A man and his wife, Stephen and Elizabeth, said goodbye to our church today.
I don’t know them well. But I – and a good three-fourths of the congregation – wept when they announced that God had called them to move to New York.
What’s that all about?
In truth, I’ve only ever had one individual encounter with this couple: they introduced themselves to us when, during a special service, they found themselves next to us in the pew. That’s because the rest of the time, they were on stage during the service we attended: both in the choir, and both members of a small music group that provided special singing.
In addition to this, Stephen always opened the prelude to our church service. He had a soothing, public-radio voice, and he’d step up to the microphone every single Sunday and open the service with the following words: “Welcome to our fellowship today. As the prelude music begins, let’s try to make the transition from getting here to being here.” And then, after that, he would exhort us to fellowship, making the sign of the cross as he reminded us: “Please remember that a life connected to God and then connected to others is the richest life there is.”
He was a presence, and so was his wife. They radiated peace in a way that I rarely ever see in believers, even very strong ones. They clearly loved each other deeply, and they clearly loved the church. I often joked with my husband that I wanted to carry them around with me so that her smile and his encouragement to transition from “getting here to being here” could soothe me in my panicked, chaotic, and anxious moments.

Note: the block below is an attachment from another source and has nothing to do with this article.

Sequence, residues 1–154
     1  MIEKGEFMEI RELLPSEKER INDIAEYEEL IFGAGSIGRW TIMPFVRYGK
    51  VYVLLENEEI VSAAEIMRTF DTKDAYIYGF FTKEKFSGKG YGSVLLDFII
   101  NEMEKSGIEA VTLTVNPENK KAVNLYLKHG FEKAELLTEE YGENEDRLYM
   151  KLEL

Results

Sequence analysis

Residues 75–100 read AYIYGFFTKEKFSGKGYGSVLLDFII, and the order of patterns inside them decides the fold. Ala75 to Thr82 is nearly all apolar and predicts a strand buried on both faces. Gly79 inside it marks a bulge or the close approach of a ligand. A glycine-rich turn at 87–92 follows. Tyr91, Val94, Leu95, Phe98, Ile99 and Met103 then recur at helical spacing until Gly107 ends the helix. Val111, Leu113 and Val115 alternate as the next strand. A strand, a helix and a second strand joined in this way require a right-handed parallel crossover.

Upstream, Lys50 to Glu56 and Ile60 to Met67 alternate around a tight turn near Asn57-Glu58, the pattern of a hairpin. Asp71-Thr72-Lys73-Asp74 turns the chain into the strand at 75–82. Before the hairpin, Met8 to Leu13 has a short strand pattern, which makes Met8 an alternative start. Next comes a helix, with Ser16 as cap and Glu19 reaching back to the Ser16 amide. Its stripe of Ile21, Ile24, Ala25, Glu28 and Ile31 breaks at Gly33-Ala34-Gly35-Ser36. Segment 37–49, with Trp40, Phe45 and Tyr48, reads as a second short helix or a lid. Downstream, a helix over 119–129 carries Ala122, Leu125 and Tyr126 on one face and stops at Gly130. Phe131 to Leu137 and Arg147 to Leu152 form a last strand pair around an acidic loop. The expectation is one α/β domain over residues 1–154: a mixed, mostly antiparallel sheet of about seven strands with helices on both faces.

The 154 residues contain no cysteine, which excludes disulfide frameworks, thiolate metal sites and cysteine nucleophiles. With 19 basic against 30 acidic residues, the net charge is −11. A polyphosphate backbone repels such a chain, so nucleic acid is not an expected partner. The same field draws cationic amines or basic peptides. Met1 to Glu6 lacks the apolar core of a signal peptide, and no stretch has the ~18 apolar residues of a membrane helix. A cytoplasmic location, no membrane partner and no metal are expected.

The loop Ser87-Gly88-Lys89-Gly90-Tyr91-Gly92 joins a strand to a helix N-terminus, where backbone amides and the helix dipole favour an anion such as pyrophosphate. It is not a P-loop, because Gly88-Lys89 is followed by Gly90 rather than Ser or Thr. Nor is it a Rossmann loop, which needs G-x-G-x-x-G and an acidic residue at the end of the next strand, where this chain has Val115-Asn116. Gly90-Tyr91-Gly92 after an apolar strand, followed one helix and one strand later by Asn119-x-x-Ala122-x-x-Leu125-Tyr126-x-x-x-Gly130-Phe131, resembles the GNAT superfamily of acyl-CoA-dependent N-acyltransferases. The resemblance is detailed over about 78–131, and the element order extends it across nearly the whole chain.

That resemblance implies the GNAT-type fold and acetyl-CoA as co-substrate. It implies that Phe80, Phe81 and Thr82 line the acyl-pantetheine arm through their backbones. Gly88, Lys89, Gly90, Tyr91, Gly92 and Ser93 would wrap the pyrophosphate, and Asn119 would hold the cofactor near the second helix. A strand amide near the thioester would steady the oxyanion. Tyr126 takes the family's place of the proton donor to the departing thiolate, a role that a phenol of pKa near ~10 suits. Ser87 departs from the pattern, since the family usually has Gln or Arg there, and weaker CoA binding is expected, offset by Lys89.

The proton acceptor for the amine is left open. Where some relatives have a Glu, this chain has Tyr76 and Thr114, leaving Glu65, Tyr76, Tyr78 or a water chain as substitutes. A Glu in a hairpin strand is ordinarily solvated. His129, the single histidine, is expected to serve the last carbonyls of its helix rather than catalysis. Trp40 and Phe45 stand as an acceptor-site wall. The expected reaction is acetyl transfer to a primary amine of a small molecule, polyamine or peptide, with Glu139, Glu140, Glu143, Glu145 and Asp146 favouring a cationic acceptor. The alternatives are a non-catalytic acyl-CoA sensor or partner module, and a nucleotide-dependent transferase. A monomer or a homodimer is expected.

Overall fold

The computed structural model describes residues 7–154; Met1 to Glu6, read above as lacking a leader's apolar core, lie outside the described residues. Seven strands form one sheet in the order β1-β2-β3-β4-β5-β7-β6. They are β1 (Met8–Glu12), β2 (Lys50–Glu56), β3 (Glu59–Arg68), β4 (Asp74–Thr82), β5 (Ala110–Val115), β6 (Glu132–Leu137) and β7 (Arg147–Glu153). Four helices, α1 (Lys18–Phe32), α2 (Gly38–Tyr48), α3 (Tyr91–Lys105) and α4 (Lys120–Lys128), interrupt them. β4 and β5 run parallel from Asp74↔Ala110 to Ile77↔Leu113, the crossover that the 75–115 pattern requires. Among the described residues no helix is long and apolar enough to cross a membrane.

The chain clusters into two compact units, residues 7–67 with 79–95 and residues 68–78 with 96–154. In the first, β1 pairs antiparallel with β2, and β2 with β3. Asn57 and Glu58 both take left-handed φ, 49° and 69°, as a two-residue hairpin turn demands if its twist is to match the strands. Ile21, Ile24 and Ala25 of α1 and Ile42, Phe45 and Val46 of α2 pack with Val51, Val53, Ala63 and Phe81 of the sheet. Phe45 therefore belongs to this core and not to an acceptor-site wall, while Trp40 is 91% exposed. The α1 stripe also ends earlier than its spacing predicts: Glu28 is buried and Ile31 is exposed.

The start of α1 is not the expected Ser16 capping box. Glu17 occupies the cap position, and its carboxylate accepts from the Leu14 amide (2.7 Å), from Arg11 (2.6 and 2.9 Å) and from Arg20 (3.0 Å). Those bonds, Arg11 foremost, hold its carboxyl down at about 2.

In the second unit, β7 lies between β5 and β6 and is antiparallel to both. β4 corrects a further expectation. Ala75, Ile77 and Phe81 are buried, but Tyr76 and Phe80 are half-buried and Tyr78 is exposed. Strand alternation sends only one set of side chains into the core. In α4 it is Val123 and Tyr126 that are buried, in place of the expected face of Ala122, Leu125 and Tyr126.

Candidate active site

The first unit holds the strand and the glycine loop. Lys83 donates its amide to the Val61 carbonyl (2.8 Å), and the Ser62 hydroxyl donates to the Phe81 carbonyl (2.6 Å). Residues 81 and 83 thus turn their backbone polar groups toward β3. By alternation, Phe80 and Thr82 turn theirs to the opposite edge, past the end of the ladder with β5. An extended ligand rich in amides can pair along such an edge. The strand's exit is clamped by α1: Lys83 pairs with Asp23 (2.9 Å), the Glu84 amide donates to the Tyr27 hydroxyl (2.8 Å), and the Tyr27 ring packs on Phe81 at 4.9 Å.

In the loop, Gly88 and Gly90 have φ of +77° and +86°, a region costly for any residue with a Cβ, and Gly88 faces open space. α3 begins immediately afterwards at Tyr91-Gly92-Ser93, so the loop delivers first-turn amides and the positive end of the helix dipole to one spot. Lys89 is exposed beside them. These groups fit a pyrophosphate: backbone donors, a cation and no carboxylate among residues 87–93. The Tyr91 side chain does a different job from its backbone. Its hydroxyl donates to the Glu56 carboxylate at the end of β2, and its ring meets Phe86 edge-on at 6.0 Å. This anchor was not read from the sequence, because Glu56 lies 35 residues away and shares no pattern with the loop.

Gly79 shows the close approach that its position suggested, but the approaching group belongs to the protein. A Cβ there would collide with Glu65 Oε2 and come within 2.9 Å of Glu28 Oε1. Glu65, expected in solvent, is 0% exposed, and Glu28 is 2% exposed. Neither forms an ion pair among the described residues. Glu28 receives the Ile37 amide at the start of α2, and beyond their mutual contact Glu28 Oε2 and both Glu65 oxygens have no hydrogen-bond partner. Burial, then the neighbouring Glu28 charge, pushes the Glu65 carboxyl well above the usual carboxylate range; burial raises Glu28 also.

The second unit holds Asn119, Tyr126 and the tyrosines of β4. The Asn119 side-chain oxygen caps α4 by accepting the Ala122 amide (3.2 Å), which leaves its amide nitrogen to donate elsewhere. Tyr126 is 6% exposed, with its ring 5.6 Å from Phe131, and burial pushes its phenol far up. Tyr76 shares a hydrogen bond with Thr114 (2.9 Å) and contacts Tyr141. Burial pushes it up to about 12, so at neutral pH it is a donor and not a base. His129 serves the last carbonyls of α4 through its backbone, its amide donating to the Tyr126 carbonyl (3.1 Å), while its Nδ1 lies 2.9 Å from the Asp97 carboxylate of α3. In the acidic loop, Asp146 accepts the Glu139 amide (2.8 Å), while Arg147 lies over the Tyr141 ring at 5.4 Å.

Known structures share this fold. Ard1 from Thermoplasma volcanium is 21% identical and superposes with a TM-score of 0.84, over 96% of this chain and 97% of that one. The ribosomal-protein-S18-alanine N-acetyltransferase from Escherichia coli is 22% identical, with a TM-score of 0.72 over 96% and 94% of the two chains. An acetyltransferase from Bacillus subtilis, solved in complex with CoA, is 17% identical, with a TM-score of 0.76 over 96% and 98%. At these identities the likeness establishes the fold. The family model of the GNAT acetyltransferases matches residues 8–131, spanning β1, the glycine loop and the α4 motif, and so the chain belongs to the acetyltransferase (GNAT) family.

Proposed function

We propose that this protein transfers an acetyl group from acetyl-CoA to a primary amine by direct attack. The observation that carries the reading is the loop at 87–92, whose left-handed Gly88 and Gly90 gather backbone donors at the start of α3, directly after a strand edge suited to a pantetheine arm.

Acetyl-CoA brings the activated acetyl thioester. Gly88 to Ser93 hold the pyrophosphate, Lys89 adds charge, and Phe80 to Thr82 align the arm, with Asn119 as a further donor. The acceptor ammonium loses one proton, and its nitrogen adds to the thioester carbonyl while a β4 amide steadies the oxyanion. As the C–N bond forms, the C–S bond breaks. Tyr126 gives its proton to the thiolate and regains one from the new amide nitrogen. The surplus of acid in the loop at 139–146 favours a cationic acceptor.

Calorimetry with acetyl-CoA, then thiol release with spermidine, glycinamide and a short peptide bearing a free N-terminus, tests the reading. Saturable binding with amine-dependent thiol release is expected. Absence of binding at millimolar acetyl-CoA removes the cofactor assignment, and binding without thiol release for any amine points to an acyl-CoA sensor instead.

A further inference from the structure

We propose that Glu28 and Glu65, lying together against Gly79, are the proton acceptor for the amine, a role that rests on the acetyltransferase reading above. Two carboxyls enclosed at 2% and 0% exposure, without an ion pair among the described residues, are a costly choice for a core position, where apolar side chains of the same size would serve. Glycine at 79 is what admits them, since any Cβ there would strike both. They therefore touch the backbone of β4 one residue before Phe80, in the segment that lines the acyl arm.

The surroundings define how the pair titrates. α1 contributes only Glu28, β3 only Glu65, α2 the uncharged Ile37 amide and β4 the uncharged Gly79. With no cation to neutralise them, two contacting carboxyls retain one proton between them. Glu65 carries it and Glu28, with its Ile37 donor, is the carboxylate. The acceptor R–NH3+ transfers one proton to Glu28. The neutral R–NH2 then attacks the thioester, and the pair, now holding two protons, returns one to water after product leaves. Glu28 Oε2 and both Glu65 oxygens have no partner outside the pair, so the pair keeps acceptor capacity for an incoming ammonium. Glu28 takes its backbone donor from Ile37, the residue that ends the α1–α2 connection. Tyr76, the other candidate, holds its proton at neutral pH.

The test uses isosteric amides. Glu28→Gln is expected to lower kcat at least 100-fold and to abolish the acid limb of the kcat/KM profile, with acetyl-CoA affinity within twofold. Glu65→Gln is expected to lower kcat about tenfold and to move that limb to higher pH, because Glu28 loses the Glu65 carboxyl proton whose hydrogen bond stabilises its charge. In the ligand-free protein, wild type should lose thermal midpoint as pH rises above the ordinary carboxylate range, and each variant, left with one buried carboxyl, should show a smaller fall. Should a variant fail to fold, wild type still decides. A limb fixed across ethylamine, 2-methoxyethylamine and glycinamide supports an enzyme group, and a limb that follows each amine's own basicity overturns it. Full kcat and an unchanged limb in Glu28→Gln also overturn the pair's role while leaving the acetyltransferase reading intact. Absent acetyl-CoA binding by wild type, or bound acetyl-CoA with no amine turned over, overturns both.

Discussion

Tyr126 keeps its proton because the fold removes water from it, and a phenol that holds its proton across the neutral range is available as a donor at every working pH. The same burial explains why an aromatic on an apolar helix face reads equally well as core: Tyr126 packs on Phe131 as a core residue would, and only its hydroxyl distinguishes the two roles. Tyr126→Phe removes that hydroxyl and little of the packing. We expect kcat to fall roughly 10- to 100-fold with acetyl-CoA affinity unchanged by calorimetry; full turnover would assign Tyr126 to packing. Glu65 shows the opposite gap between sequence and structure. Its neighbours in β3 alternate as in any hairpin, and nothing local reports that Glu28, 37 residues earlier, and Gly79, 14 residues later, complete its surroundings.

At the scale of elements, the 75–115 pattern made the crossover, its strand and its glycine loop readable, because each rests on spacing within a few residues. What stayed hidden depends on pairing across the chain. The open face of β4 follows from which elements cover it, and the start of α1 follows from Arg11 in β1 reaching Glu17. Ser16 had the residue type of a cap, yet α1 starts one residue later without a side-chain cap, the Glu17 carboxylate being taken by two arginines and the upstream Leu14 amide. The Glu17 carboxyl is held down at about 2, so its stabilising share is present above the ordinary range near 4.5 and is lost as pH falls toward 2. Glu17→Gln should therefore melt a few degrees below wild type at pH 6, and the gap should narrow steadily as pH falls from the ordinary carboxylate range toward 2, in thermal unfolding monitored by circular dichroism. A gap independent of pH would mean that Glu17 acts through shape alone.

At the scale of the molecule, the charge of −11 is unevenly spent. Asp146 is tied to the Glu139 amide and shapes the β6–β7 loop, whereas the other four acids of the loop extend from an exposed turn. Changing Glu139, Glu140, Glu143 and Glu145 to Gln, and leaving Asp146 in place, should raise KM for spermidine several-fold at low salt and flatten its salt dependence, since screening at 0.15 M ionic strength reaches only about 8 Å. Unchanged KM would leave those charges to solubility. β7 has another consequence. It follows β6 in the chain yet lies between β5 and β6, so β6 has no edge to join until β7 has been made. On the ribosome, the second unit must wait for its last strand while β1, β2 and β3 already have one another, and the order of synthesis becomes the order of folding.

When my pastor announced their departure today, he cried. I cried. They cried, even as we all rejoiced together in what God might have for them. But in the middle of the poignant farewell, I also found myself amazed:
What an impact.
We never really knew each other! I never broke bread with these people. I never prayed with them or attended a small group with them. But their consistency and their faithfulness and their whole attitude, both together and individually, became such an encouragement to me and a part of my Sundays that I was surprised by how much I’d miss it.
Real truth: you don’t have to interact with other believers one-on-one to be impacted by them. Sometimes people are such clear examples of God’s love with their behavior and their attitudes that just observing them and witnessing how they are with others is enough. When you see brothers and sisters who are like that, you’re encouraged to do more yourself for the Lord, to grow a little more, to be a little better.
That’s your implicit ministry, my friends. The life you go about living day to day, your manner, your interactions, your attitude: it influences and impacts the people around you in ways you probably can’t imagine and won’t even ever really know.
So don’t be discouraged if your explicit ministries aren’t going anywhere, or you feel like your impact for God in the day-to-day is small. There are eyes on you, and people who observe you and who are impacted by your actions and your attitude (for good and even for ill). What better motivation to work on our own lives, on how we handle ourselves in the day-to-day, in how we approach our fellow believers, or strangers, or even our own problems?
Each of us probably has more influence than we can imagine, and it’s up to us to be good stewards of that influence – even and especially for those we may never interact with face-to-face.